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Art House, WESTERN

The Sisters Brothers (2019 in UK)


Duration 2h 2m Rating (UK) 15
Source of story A book of the same name by Patrick DeWitt
Director Jacques Audiard
Writers/Script Jacques Audiard, Thomas Bidegain
Starring John C. Reilly, Joaquin Phoenix, Jake Gyllenhaal, Riz Ahmed, Rutger Hauer,

Elevator Pitch: In 1851 Oregon a gold rush is on, and the Commodore has hired a detective to locate a chemist who has developed a gold finding process. He has also hired the Sisters brothers who are a couple of assassins who kill people on his instructions, to find the detective. Both the detective and the brothers throw in their lot with the chemist rather than surrendering him to the Commodore, resulting in other gunmen being sent after them. They are frequently required to fight for their lives, so will it all be worth it?

Content: There are a couple of scenes of men in a brothel in the dark. One of the brothers drinks a lot and smokes almost continuously. There are many gunfights, resulting in the losers being mercilessly shot at close range. The Oregon towns are portrayed as primitive conurbations full of shacks and tents, the streets usually running with mud. But fortunately for the brothers they spend their time mostly in the desert, although Eli has an unfortuate experience with a spider.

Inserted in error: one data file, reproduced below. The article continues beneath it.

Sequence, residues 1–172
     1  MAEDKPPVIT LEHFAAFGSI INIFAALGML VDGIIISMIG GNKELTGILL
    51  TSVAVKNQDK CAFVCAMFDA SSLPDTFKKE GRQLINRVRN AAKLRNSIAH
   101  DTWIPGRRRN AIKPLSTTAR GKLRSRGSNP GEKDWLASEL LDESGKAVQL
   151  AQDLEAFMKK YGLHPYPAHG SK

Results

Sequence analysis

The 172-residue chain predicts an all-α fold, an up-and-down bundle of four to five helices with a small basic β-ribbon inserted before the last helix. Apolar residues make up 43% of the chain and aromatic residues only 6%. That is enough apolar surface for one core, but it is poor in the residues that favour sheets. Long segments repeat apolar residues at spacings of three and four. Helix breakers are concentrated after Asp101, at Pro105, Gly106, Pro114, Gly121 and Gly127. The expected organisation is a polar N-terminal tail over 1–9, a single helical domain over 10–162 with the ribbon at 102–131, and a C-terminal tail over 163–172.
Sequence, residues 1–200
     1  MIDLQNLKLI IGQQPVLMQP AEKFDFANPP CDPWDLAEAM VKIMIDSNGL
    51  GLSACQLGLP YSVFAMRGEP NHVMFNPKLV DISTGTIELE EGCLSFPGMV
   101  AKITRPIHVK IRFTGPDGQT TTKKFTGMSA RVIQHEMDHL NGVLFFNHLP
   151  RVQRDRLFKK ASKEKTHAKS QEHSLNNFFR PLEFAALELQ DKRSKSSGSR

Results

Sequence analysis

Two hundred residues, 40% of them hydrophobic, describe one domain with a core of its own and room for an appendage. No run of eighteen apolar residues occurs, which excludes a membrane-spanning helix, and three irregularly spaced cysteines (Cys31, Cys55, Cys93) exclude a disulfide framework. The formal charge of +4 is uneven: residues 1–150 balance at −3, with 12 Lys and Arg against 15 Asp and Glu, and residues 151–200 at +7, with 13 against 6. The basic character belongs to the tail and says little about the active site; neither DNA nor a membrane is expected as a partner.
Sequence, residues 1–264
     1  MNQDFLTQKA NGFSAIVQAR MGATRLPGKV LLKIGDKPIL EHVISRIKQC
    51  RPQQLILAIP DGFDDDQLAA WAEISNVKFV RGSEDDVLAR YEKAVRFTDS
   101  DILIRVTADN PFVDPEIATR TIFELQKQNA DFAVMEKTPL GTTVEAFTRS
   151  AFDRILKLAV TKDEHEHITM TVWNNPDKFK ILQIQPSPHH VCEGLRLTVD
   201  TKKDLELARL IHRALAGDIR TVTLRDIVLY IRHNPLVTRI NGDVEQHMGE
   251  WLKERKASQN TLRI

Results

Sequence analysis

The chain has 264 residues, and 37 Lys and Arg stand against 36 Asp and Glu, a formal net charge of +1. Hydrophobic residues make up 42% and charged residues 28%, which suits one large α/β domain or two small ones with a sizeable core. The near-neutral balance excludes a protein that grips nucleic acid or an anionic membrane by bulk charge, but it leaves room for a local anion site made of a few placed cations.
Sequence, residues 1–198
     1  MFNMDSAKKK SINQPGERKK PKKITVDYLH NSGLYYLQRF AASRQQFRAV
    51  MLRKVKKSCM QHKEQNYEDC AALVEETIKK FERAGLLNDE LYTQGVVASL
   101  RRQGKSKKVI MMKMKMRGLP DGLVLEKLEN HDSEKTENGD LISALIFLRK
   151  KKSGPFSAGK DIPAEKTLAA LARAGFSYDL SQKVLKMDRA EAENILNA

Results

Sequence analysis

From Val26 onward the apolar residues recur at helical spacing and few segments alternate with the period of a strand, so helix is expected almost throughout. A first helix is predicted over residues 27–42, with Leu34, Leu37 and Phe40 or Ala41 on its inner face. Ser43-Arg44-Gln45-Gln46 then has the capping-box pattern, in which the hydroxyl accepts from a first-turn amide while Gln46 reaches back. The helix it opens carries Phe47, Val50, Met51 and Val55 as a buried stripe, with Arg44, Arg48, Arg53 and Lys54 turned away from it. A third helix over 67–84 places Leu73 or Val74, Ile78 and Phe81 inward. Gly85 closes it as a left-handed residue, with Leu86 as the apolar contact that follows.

A View: This film is a bit art house and was well liked by the critics, and apparently by the general public, but has so far lost a fortune, possibly because it has had a limited release. If anything there was too much time spent in the dark for me, and this might have been because the director liked the sparks and flame from the 1851 hand guns. The plot is a bit linear, but overall if you like westerns it will be worth the ticket price for you.

Additional Info: I noted that during the gunfights the brothers were replacing the complete cylinders for their colts, as we see people doing today. I found this just a bit odd and on checking on the construction of the hand guns of the day, found that you would have to dismantle the weapon to do this. Probably, in reality, since they had to load the pistols with a charge followed by a ball, they would usually have relied on the number of guns they could carry.

About Victor R Gibson

Author of this site three technical books and two novels



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